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Marketing

Postby BadgerJelly on March 27th, 2017, 5:16 am 

Any advice or tips on getting a book read once its written?

I am talking "fiction" here.
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Re: Marketing

Postby Eclogite on March 27th, 2017, 5:36 am 

Make sure it is a real humdinger, so that your publisher pushes it for all it's worth.

Not very helpful, I know, but self publicising is going to be a major challenge.
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Re: Marketing

Postby vivian maxine on March 27th, 2017, 12:45 pm 

Part of that is out of your control because readers have varied wishes about fiction. Example: I like science fiction but only if it is within the realm of possibility now or in the future. I will not read blood-thirsty, three-eyed monster, women in chains, etc., science fiction. I notice that I often avoid the scifi section because most of it is of the latter type. I like historical fiction but one author who does write good stories gets none of my money because he has such a foul mouth. Every reading has his own preferences.

Nothing you can do about that. The rest is how to reach the audience that likes your type of fiction. A lot of authors are setting up web sites now where they talk up their own books. What I really like about some of those is that they send out notices to registered readers when a new book is coming. That works once the reader knows they want every book that author writes.

Then, as Eclogite said, it is up to your publisher and agent to push the book. Get little reviews of it into magazines and online. And, be sure your agent is one who likes what you write - who likes that kind of story. If he/she isn't enthused about the story, he may not work very hard at it even if he admits it is well-written.

Just my thoughts. Not worth much.
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Re: Marketing

Postby Braininvat on March 27th, 2017, 3:16 pm 

I suspect some of our regulars would like the Perth writer who writes a lot of stories concerning AI, consciousness, virtual reality, genetic engineering, exotic physics - the mysterious (he has managed to keep all pictures of himself off the Internet) Greg Egan. Cerebral and compelling stuff. Way better than the dime-a-dozen space opera stuff.

BTW, I'm amazed at how much good sci-fi comes from writers with the first 3 letters of the alphabet beginning their last names....I think there's even a term among sci-fi buffs that refers to the concentration just in the B's, "the Killer B's of hard SF."

Asimov
Bryan Aldiss
Margaret Atwood
David Brin
Gregory Benford
Greg Bear
Ben Bova
Ray Bradbury
Stephen Baxter
Arthur C. Clarke
Ted Chiang
Robert Charles-Wilson (ok, that's a cheat, Charles is just his middle name)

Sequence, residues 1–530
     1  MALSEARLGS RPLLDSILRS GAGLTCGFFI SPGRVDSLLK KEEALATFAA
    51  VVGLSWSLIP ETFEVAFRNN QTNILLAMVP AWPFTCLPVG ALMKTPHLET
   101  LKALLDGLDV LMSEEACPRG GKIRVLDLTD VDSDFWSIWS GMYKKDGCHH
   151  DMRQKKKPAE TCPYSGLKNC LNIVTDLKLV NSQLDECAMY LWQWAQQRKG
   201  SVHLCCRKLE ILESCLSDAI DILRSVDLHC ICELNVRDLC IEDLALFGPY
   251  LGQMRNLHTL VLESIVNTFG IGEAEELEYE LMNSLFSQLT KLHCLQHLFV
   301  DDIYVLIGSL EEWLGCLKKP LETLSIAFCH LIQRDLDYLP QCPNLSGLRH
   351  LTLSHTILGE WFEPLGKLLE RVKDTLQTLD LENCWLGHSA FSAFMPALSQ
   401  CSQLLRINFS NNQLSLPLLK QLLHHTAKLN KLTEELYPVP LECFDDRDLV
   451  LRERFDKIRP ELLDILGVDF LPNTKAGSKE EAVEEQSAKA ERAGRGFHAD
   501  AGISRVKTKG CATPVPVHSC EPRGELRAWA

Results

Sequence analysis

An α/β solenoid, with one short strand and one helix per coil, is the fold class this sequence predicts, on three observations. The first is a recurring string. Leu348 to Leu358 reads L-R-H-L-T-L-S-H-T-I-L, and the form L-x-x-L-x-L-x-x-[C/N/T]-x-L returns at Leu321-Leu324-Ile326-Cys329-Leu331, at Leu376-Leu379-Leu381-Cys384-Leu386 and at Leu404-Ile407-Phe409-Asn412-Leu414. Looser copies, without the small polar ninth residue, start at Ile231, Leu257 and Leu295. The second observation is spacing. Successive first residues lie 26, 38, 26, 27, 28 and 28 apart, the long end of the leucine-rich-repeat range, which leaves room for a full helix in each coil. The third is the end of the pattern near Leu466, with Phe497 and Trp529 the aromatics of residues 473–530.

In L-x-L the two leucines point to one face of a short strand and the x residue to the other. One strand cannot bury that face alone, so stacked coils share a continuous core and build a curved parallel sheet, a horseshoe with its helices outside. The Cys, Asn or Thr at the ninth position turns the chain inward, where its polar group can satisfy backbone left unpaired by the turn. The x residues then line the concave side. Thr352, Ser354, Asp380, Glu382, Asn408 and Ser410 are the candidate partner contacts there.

All that is a digression on the way to my answer, which is similar to Eclogite's answer: write a really interesting story and have a terrific editor who is really behind you all the way and will promote the hell out of it. And that means probably getting your name known by writing short stories and getting them published in zines that people pay attention to. I doubt that an anonymous person, just tossing their MS over the transom, is going to get far these days.
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Re: Marketing

Postby vivian maxine on March 27th, 2017, 3:23 pm 

Nice list, Biv. I have read many by six of those. I'll try some of the others. And Greg Egan? Never heard of him. Shame on me?
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Re: Marketing

Postby doogles on March 27th, 2017, 8:04 pm 

Advertise, advertise, advertise. Be prepared to spend tens of thousands of dollars on advertising.

Or else become famous or notorious.

Book selling is a highly competitive business venture. Almost everybody has written a book. People getting into their cars all over the world are tripping over boxes of unsold self-published books in their garages.

In Australia, publishers will now only look at manuscripts from literary agents. Most agents have their hands full and many are not reading any new mss. The rare ones who look at new ones request something like the first 20 pages only and warn that it may take several months to get around to reading them.

The companies who cater for self-publishers bring out every trick in the book to get your money without much result.

Sorry to paint a grim picture, BJ but one has to face facts if one wishes to have a book published.

A notorious axe murderer has every chance in the world of having a book published because the public knows their name. Publishers know that if a person is already well-known, any book written by or about them will automatically sell well. It’s good business.

At face value, Bryce Courtenay appears to have been one of those rare people who successfully marketed his own books. My recall is that he was knocked back by a number of publishers for The Power of One, before he undertook the task himself. One of the rumours I heard was that on one occasion he had six or seven paid assistants all board the same peak-hour tram of train carriage and stand up reading his book. Of course, everyone around these people could see the cover of the book and subconsciously would note its popularity.